Important! Anyone out there running a limited Important! Anyone out there running a limited
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  1. #1

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    Default Important! Anyone out there running a limited

    http://www.theregister.co.uk/2006/12...il_regulation/

    Companies in the UK must include certain regulatory information on their websites and in their email footers before 1 January 2007 or they will breach the Companies Act and risk a fine.

    Every company should list its company registration number, place of registration, and registered office address on its website as a result of an update to the legislation of 1985. The information, which must be in legible characters, should also appear on order forms and in emails. Such information is already required on "business letters" but the duty is being extended to websites, order forms and electronic documents.

    The change is being made by a Statutory Instrument that is expected to be passed on Thursday to implement a European law, the First Company Law Amendment Directive, into UK law. According to a Department of Trade and Industry spokesperson, the law will take effect on 1 January, one day later than the Directive requires.

    The information is likely to appear in the footer of every email sent from a company, to avoid having to decide whether each email amounts to a "business letter" or not. Many companies do this already because the term "business letters" was thought likely to include emails even without this new clarification.

    For websites, contrary to the fears of some, the specified information does not need to appear on every page. Again, many websites will already list the required information, perhaps on their "About us" or "Legal info" pages.

    The Ecommerce Regulations, passed in 2002, require that certain information is listed on a website, including, "where the service provider is registered in a trade or similar register available to the public, details of the register in which the service provider is entered and his registration number, or equivalent means of identification in that register".

    That has been understood as including the company registration number and place of registration. The Ecommerce Regulations also required a note of "the geographic address at which the service provider is established" – which many have taken to mean the registered office address.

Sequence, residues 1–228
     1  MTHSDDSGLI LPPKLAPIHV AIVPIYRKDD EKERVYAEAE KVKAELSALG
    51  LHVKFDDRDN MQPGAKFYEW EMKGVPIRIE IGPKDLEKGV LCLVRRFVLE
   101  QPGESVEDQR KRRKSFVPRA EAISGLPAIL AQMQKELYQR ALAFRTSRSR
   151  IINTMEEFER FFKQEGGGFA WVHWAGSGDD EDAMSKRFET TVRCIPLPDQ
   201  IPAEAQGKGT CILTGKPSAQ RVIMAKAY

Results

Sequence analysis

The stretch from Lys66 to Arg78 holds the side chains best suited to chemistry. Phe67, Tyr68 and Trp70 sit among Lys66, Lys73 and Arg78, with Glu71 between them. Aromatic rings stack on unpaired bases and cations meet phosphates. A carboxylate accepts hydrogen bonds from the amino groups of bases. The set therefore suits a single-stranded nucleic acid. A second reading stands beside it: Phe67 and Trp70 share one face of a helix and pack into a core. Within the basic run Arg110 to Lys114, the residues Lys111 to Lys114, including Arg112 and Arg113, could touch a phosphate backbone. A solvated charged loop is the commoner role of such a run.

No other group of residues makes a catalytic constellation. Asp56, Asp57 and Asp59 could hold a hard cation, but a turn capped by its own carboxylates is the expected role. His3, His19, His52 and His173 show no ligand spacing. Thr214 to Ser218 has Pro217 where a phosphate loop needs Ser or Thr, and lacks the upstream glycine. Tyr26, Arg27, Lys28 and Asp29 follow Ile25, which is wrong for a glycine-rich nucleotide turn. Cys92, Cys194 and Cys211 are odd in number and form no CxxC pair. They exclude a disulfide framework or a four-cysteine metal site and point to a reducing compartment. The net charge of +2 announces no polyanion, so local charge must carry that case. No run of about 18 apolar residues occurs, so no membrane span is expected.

However, the wording in the Ecommerce Regulations is ambiguous compared to the new provisions. Further, many organisations' sites currently omit the information, perhaps making the mistake of thinking that the Ecommerce Regulations do not apply to websites that do not sell online (in fact they apply to almost all websites).

    Information that must be on your website
    The following is the minimum information that must be on any company's website (from OUT-LAW's guide, The UK's Ecommerce Regulations).

    The name, geographic address and email address of the service provider. The name of the organisation with which the customer is contracting must be given. This might differ from the trading name. Any such difference should be explained – e.g. "XYZ.com is the trading name of XYZ Enterprises Limited."
    It is not sufficient to include a 'contact us' form without also providing an email address and geographic address somewhere easily accessible on the site. A PO Box is unlikely to suffice as a geographic address; but a registered office address would. If the business is a company, the registered office address must be included.

    If a company, the company's registration number should be given and, under the Companies Act, the place of registation should be stated (e.g. "XYZ Enterprises Limited is a company registered in England and Wales with company number 1234567")

    If the business is a member of a trade or professional association, membership details, including any registration number, should be provided.

    If the business has a VAT number, it should be stated – even if the website is not being used for e-commerce transactions.